Membership and chairpersonsEdit

The Folkwang Museum Association has around 400 members, including legal entities (mostly companies). Its chairmen (since 1960 "first chairperson") were:

International CooperationEdit

With strong support of the Museum Association, the work of the Folkwang Museum became increasingly international from the beginning 1960s. Under the direction of Paul Vogt [de] as museum director (in office since 1962), works from the Folkwang Collection were loaned to outstanding museums around the world. In addition, the FMV also began to cooperate more and more closely with museums in what was then the Eastern Bloc.[17] The collaboration with museums in the USA was particularly close. In the early 1970s, works from the Folkwang Museum were loaned to partner museums in New York, Los Angeles, Chicago, Boston, Cleveland, Des Moines, Louisiana, Philadelphia, San Francisco and St. Louis.[18]


  • Folkwang-Museumsverein (Edit.): Sammlerfleiß und Stiftungswille. 90 Jahre Folkwang-Museumsverein – 90 Jahre Museum Folkwang [Collector's Diligence and Will to the Foundation. 90 Years of the Folkwang Museum Association – 90 Years of the Folkwang Museum], by Ulrike Laufer, 448p., Edition Folkwang / Steidl, Göttingen 2012, ISBN 978-3-86930-601-8. [A comprehensive account of the history and activities of the Folkwang Museum Association, published on the occasion of its ninetieth anniversary; in German.]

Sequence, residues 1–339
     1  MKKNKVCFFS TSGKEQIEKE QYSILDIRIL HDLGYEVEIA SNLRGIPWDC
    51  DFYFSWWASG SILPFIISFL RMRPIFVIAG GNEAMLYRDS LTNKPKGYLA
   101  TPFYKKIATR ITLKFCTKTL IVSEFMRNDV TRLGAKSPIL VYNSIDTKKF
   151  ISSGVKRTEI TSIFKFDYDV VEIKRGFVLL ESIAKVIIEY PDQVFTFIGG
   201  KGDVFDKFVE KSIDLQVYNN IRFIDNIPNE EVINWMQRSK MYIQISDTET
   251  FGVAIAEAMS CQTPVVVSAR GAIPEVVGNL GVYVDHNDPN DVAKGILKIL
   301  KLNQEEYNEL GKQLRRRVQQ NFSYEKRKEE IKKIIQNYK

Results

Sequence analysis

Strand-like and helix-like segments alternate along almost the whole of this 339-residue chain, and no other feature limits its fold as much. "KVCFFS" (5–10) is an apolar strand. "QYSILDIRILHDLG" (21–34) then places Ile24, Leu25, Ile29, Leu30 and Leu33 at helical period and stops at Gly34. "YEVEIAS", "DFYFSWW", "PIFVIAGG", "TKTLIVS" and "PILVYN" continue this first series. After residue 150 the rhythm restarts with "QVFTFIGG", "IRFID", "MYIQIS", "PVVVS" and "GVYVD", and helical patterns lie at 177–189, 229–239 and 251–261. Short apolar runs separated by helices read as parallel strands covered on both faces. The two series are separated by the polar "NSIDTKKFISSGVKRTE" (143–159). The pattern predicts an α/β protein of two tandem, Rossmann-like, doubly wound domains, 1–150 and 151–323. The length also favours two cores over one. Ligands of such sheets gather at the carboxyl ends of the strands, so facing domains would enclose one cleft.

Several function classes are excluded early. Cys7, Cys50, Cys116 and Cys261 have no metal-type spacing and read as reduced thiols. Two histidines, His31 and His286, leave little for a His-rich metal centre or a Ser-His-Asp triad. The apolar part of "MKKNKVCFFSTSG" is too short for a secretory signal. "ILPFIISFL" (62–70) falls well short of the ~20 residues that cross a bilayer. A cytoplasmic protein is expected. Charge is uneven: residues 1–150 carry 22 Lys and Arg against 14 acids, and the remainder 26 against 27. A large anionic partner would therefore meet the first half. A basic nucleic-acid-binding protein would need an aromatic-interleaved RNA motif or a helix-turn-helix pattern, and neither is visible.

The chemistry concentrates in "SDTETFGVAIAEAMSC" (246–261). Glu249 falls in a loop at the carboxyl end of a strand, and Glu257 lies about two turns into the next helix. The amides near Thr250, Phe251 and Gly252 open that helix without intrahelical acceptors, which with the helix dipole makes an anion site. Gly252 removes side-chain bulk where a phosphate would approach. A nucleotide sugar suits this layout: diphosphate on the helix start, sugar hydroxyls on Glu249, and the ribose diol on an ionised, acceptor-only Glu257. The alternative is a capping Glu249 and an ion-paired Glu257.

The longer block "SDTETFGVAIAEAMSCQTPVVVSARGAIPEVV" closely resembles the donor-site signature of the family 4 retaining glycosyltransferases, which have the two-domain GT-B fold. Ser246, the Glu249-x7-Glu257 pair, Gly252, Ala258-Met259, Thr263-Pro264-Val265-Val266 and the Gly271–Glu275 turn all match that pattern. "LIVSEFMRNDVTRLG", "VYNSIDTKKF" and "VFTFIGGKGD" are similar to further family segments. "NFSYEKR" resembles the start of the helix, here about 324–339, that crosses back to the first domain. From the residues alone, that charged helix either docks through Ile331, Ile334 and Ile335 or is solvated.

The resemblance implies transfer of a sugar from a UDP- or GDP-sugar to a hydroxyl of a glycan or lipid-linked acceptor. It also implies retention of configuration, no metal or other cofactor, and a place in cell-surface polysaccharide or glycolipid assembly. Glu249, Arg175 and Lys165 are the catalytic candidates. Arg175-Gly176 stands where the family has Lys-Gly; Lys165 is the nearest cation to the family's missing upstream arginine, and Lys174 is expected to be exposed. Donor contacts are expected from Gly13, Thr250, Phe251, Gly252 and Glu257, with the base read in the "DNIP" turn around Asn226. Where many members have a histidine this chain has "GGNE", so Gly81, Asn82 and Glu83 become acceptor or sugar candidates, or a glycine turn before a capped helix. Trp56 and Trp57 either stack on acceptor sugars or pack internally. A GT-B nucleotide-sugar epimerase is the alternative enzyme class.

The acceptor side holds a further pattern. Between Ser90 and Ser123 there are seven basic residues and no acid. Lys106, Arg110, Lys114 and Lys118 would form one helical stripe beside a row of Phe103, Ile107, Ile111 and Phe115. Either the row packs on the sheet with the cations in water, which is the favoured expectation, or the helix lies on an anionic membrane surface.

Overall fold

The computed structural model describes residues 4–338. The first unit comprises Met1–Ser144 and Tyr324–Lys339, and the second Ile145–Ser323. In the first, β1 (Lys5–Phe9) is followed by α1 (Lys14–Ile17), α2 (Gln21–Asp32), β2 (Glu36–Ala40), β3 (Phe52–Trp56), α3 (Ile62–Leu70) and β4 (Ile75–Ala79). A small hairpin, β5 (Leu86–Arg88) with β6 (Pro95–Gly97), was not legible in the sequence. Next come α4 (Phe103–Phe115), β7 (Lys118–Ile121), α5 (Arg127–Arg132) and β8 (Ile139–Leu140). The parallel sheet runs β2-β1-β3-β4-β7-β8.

• Folkwang-Museumsverein (Edit.): Bilder für eine Sammlung. Museum Folkwang Essen. DuMont, Cologne 1994, ISBN 3-7701-3433-8.
  • Tayfun Belgin [de], Christoph Dorsz (Edit.): Der Folkwang Impuls. Das Museum von 1902 bis heute. Neuer Folkwang Verlag, Hagen 2012.
  • Andreas Lepik: Die Zurückführung der Kunst ins Leben: Karl Ernst Osthaus und das Museum Folkwang. In: Manet bis van Gogh, Hugo von Tschudi und der Kampf um die Moderne. Exhibition catalogue. Prestel, Berlin / München 1996, ISBN 3-7913-1748-2.



  1. ^ 800.000 Besucher im Eröffnungsjahr, Museum Folkwang, 15. Februar 2011
  2. ^ "Museum Folkwang, Essen". The Saatchi Gallery. Retrieved 2013-01-17.
  3. ^ "History". Retrieved 24 August 2010.
  4. ^ "The Most Beautiful Museum in the World – Museum Folkwang until 1933". Museum Folkwang. 2010. Retrieved 18 October 2015.
  5. ^ "Blog Archive » Museum Folkwang by David Chipperfield". Dezeen. 3 February 2010. Retrieved 24 August 2010.
  6. ^ Woodman, Ellis (19 February 2010). "David Chipperfield's Museum Folkwang in Essen, Germany | Building Studies | Building Design". Retrieved 24 August 2010.
  7. ^ "The new Museum Folkwang: RUHR.2010". Archived from the original on 6 January 2011. Retrieved 24 August 2010.
  8. ^ a b "Degenerate Art", Philadelphia Museum of Art, accessed 20 September 2010
  9. ^ "Marc Chagall's Purim", Philadelphia Museum of Art, accessed 20 September 2010
  10. ^ Kate Connolly (January 29, 2010), Folkwang museum unveils Chipperfield redesign The Guardian.
  11. ^ "[phase eins]. – Museum Folkwang in Essen – Architectural Competition". Retrieved May 4, 2020.
  12. ^ "Museum Folkwang – Zaha Hadid Architects". Retrieved May 4, 2020.
  13. ^ "David Chipperfield Architects – Museum Folkwang". Retrieved May 4, 2020.
  14. ^ Museum Folkwang. Department of Photography. Retrieved 11 November 2018
  15. ^ §1, Satutes of the Folkwang Museum Association as published on its website
  16. ^ Website of the Folkwang Museum Association
  17. ^ Folkwang-Museumsverein (Edit.), 1994, p. 314
  18. ^ Folkwang-Museumsverein (Edit.), 1994, p. 328

External linksEdit